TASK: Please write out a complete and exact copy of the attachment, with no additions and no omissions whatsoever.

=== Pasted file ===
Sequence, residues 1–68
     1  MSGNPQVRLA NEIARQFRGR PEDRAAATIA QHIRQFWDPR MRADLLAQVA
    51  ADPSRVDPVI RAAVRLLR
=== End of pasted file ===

Sequence, residues 1–68
     1  MSGNPQVRLA NEIARQFRGR PEDRAAATIA QHIRQFWDPR MRADLLAQVA
    51  ADPSRVDPVI RAAVRLLR